Treadmills are the most popular pieces of exercise equipment purchased for the home. They are easy to use, and according to the American Medical Association, they are the most effective calorie burners for most people. There are many types of treadmills: fold-up models, models designed for walkers, heavy-duty designs for runners, even ones that can monitor your heart rate and adjust your workout accordingly!
Your treadmill needs a strong motor, but don’t believe all you hear about treadmill power. If a sales person, ad or product literature pumps up the “horsepower” of a treadmill, ask what kind of horses. “Peak HP” is the treadmill’s top power output, may last only moments, and cannot be sustained. What you DO need to know is the CONTINUOUS-DUTY horsepower, the power a treadmill can sustain continuously, rated over 24 hours of non-stop use. High continuous HP typically means the treadmill can work efficiently and powerfully under more weight, and that it’s easier for the treadmill to maintain a steady speed with the harder impacts at higher speeds. 1.5 Continuous-duty horsepower or higher would be recommended for most users.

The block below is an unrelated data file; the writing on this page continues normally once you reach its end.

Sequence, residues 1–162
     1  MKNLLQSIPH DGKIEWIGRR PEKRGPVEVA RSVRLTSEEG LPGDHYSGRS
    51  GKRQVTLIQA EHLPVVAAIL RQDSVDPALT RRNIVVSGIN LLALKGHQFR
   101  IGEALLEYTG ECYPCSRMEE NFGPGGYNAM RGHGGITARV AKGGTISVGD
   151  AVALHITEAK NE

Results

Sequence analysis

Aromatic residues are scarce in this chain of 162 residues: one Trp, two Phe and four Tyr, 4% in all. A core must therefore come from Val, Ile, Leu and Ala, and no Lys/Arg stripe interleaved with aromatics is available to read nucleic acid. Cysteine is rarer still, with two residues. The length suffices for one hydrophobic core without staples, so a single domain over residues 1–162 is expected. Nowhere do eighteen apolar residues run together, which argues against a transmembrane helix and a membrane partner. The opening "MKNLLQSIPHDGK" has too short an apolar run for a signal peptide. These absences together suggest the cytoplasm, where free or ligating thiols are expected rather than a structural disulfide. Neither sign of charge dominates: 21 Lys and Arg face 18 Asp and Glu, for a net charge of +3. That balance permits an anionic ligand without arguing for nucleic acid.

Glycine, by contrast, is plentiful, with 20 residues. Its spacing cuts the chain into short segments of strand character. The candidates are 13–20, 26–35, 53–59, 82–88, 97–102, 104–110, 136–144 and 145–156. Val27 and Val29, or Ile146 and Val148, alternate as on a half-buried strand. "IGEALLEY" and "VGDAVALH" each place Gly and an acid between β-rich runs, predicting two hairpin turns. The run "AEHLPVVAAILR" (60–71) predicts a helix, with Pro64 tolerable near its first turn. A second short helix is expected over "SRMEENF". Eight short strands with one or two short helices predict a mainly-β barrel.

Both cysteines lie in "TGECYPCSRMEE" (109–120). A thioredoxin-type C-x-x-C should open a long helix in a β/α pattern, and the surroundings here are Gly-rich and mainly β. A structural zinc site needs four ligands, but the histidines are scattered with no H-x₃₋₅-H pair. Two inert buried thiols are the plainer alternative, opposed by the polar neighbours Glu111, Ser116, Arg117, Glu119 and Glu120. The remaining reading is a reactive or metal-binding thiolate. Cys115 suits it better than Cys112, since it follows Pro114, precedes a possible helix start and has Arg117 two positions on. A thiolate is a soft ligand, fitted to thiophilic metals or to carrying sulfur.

Treadmills typically run from 0 to 10 mph. Some will go as high as 12 mph. If you don’t plan to run, there are models built specifically for walking. Again, it comes down to finding the model that suits your particular needs best. Do check that a treadmill has a low starting speed, so you won't be jerked off balance by a sudden start.
The belt is a vital component of every treadmill. Belt size translates directly to a treadmill’s walking surface size. We recommend a belt at least twenty inches wide, with plenty of length to accommodate a comfortable stride. A 6’ 6” user can typically run on a belt 52” or longer.
You need a deck that’s durable, low-or-no maintenance, and shock resistant. A deck should be firm, yet “give” a little under your stride. This absorbs some of the shock normally transmitted to your ankles and knees. Maintenance-free treadmills are usually self lubricating, which allows the belt to glide over the deck with ease, significantly reducing wear on the motor, deck, belt and rollers.
A smaller treadmill may suffice, but not if it’s also going to be used by a 6-foot-plus user and 280lbs. Similarly, a folding treadmill may help if space is tight, but you may have to compromise on functionality and durability. Once again, it’s best to do your up-front planning, and have your exercise area thought out and tape-measured ahead of time to save guesswork in the store.
Bring your questions on treadmills—or any aspect of fitness and exercise. Our certified fitness professionals are walking encyclopedias of information and you’ll have all of their attention. They’ll be glad to share their knowledge and help you make informed decisions that will get you the results you want.